Twinkling With Inheriting and Development Achievement

On Thursday night my landlady called and asked if she could come over to see me because she had some tranlation questions for me.  Anyone who’s been in China for awhile knows the fear and dread that well up inside at the sound of someone asking for help with translation work.  "Just read it over."  "It won’t take long."  Those words are always prelude to hours of painful and laborious mental gymnastics trying to translate phrases like the one in the title of this post from what we call "Chinglish" to English.

My landlady and her husband have their own business producing publicity and promotional materials for schools in China.  With English as popular as it is here, these materials (from DVD’s to brochures) must all be in English as well as Chinese, never mind the fact that very few native speakers will actually see or read them.  Iin the China of 2005, one simply cannot produce something like this without any English in it.  My landlady out-sources the translations to professionals; however, there are times when, for some reason, she doubts the accuracy of the transations, so asks me to look at them to see if the English makes sense and if it indeed accurately reflects the Chinese meaning.

Yesterday she had one such project for me.  That noise you heard eminating from the western side of Beijing on Friday was the sound of cultures and languages clashing!  An interesting feature of Chinese discourse is the use of poetic and flowery language in nearly every conceivable context, formal and informal.  A language that has been around for 3000 years has quite the collection of poetry, expressions, and idioms, and they are all to be used as much as possible. 

The sentence that is the title of this post is merely an extreme example.  The document we worked on had line after line after line of such sentences, and I was supposed to see if they were OK.  After awhile, one of two things happens.  Either I read a sentence and decide it makes perfect sense (a sure sign that I have been in China way too long) or I have to attempt to convince her that it is impossible to translate such a sentence.  In fact, after yesterday, I think there should be a law against translating such sentences.  When I read it in Chinese, it makes perfect sense, but there’s no way to get it into an English sentence that both maintains the poetry and has meaning.  Take your pick, Mrs. Li.  You can’t have it both ways!  Ah, but you see, in Chinese, they do have it both ways, because poetic language is not only permissible in formal writing, it is expected, for it is one of the main ways to demonstrate that one is a literate and cultured person.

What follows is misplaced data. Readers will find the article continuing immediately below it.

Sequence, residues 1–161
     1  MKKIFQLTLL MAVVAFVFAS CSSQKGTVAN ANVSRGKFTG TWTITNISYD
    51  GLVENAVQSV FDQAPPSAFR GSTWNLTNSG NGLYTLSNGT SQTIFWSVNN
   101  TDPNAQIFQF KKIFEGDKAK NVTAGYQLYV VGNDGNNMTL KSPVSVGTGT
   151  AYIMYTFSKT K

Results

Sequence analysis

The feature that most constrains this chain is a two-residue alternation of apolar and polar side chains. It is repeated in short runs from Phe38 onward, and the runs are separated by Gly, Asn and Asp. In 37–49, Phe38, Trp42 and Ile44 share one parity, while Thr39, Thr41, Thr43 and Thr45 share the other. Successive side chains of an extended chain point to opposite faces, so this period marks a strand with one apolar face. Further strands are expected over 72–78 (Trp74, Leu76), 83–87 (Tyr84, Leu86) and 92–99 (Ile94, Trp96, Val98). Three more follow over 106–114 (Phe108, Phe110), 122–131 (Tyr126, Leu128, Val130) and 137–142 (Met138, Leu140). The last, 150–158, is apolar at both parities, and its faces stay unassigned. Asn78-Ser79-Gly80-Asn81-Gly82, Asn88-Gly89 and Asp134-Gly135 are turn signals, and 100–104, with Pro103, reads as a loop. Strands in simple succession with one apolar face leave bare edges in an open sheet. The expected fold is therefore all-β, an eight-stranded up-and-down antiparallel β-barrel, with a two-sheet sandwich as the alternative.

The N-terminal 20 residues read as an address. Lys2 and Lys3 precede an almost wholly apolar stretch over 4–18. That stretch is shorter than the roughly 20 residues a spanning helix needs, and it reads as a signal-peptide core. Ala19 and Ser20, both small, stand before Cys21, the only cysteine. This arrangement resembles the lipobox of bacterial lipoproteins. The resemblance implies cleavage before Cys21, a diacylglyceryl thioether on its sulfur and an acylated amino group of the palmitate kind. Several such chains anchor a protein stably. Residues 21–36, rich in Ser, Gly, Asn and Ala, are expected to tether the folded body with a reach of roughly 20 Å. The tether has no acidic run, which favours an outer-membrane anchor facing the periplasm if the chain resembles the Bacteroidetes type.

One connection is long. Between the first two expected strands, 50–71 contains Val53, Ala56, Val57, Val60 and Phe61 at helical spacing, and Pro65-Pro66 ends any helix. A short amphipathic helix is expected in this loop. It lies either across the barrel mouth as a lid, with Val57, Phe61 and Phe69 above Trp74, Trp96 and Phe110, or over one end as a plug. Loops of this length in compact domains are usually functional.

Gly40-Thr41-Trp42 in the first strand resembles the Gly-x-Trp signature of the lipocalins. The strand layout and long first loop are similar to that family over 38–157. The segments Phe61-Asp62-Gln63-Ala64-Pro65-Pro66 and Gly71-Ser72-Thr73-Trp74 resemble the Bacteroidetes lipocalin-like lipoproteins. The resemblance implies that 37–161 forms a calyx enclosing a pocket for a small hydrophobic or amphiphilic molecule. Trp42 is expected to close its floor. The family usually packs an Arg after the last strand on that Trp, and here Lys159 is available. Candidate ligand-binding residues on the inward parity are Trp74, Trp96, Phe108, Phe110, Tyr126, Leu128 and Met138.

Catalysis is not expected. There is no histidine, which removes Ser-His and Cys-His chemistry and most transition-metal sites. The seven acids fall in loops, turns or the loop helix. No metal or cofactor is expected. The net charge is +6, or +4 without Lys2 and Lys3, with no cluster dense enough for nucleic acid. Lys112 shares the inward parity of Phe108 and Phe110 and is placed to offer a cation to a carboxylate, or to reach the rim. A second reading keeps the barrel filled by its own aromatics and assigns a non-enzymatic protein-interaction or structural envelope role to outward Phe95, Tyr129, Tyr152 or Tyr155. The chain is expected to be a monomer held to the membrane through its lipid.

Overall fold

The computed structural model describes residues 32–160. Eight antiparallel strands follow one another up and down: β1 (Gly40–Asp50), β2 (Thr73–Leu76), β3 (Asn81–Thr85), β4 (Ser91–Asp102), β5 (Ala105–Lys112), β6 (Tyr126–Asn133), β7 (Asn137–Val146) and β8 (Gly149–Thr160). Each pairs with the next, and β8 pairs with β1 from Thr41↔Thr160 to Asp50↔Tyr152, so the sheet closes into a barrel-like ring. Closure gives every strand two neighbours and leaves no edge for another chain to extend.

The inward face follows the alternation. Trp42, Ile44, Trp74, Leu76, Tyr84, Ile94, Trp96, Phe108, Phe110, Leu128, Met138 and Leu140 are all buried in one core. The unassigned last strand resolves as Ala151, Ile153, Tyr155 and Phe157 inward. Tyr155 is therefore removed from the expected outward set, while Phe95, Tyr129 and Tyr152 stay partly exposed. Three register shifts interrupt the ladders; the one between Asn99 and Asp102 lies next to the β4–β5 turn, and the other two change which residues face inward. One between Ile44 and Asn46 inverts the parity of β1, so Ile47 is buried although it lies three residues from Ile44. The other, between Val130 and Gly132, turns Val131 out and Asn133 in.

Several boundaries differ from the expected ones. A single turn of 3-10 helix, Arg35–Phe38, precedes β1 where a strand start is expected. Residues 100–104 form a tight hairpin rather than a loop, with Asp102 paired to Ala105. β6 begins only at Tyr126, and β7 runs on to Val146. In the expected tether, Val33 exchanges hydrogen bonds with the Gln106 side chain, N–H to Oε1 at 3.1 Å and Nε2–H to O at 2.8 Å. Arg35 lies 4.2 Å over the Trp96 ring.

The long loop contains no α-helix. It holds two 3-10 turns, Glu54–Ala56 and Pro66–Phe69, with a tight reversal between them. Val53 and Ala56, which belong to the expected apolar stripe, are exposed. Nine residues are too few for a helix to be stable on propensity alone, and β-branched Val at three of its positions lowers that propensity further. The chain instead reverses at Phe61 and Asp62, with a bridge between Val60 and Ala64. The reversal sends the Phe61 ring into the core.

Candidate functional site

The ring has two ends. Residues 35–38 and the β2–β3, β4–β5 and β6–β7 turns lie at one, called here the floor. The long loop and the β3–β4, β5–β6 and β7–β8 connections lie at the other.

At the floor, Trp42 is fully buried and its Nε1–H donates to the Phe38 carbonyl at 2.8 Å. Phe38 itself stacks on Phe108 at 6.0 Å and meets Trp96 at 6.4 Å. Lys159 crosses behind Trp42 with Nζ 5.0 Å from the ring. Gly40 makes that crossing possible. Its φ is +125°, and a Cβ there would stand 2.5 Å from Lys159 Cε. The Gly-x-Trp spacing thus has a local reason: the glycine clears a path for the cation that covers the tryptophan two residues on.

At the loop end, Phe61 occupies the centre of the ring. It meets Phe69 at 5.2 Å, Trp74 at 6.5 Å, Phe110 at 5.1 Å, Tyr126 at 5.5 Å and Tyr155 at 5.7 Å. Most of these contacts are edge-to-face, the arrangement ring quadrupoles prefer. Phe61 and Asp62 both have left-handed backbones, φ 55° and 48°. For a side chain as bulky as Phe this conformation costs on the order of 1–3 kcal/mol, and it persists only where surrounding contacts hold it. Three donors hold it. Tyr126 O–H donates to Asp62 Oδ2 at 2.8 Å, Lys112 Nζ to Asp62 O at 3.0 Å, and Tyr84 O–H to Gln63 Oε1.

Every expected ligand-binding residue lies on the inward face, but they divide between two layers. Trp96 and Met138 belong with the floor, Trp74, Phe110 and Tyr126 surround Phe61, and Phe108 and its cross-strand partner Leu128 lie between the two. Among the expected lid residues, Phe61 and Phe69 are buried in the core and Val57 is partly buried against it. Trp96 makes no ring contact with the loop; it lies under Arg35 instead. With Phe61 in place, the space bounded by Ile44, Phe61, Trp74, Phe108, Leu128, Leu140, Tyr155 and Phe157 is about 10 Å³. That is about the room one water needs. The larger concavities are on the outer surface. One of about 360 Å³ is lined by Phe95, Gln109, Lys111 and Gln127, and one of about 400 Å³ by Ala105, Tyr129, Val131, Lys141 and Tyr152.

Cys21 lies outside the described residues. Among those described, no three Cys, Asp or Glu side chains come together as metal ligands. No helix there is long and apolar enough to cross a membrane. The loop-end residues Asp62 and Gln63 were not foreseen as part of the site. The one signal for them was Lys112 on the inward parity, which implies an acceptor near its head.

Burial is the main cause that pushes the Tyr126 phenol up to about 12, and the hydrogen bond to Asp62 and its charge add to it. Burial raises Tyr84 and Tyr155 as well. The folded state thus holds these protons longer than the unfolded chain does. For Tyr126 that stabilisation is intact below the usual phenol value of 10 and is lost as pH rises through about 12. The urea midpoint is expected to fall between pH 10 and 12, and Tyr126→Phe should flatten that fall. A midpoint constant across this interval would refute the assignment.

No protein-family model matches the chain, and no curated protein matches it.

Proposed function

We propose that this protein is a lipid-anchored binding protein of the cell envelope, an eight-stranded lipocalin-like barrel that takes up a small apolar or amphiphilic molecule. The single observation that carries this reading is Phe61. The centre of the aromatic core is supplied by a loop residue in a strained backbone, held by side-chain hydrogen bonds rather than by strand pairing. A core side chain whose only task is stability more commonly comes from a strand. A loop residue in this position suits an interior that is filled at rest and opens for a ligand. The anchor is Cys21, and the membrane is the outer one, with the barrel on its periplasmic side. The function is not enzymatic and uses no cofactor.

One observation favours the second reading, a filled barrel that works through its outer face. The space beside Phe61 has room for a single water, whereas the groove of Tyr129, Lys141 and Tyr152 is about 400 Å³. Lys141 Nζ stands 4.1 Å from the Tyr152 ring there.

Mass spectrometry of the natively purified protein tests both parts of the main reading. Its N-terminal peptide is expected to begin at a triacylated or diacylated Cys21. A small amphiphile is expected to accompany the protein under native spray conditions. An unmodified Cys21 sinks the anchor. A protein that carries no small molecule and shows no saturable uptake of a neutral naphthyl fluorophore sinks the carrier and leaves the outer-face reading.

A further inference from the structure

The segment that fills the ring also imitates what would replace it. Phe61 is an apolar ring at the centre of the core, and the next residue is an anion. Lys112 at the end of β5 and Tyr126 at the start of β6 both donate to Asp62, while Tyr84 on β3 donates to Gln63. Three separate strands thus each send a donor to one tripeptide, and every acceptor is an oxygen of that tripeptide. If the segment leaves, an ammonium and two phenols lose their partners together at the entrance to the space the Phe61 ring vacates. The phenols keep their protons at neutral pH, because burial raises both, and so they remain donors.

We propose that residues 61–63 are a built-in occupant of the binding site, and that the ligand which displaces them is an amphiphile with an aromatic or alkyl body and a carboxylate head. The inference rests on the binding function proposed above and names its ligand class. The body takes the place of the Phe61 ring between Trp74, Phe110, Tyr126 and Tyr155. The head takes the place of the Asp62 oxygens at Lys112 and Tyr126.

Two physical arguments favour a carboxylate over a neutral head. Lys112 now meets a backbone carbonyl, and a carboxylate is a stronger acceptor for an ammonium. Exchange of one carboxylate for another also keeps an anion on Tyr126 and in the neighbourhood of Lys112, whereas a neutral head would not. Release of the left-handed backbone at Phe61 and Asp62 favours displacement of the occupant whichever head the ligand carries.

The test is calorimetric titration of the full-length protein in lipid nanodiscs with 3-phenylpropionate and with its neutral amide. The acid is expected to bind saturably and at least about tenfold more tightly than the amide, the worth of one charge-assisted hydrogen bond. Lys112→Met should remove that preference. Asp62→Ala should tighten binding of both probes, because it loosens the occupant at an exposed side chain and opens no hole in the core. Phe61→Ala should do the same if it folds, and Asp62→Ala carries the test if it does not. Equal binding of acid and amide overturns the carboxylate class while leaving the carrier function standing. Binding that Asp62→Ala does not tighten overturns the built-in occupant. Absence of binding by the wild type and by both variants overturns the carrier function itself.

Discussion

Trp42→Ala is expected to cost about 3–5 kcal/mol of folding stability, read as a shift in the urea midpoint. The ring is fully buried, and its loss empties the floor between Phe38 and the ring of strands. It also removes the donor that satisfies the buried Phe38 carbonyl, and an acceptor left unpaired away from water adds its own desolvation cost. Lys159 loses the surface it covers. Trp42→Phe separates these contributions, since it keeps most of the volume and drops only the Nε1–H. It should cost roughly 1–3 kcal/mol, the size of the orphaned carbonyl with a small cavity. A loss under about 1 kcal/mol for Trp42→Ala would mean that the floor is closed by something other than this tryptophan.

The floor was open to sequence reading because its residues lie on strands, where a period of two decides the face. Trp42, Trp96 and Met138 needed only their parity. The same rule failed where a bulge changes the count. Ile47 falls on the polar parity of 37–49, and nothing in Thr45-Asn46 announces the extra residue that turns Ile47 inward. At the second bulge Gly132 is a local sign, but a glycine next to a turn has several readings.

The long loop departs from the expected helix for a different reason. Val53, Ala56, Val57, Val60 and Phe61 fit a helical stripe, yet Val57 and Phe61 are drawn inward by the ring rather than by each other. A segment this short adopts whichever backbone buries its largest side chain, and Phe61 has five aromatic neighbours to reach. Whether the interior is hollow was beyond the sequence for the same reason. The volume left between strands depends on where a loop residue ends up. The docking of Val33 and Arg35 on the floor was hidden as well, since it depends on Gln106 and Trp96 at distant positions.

After my brain was fried trying to disentangle that mess of a sentence, we sat back and discussed the cultural differences.  I explained to her that it was so difficult because in English we have different sets of rules for business writing than for essay writing.  Poetic and creative language can be used in essays, but not in business writing.  Therefore, when translating such pieces I may be able to come up with some suitable English words that approximate the meaning, but their presence in such a formal setting is completely unacceptable.  Translating such a sentence is nearly impossible because it will never come out in a manner that suits both sides.  If the Chinese person insists that the emotional language remain, than it will be gibberish in English.  If the English speaker wins, then the Chinese will feel like the translation isn’t close enough to the original (and they’d be correct, of course).

In the course of the conversation, I learned the distinction between two Chinese words for written text:  wenzhang and wenjianWenzhang is the word for essays or articles of a literary nature.  Wenjian is the word for formal documents, like something a boss or leader might hand down to his/her underlings. Wenzhang demands emotional and flowery language.  Wenjian is cold and impersonal, and implies authority, command, and distance.  Poetic language is not used in wenjian.

Aha!  I said to her.  That’s the problem.  To Chinese, a brochure like this is considered a wenzhang.  In English, it would be considered a wenjian.  Finally a breakthrough in understanding (for both of us)….why the languages were clashing.  In her mind what we were translating was a wenzhang and in my mind it’s clearly a wenjian.  Finally she understood.

Wenzhang, Wenjian, …..let’s call the whole thing off!

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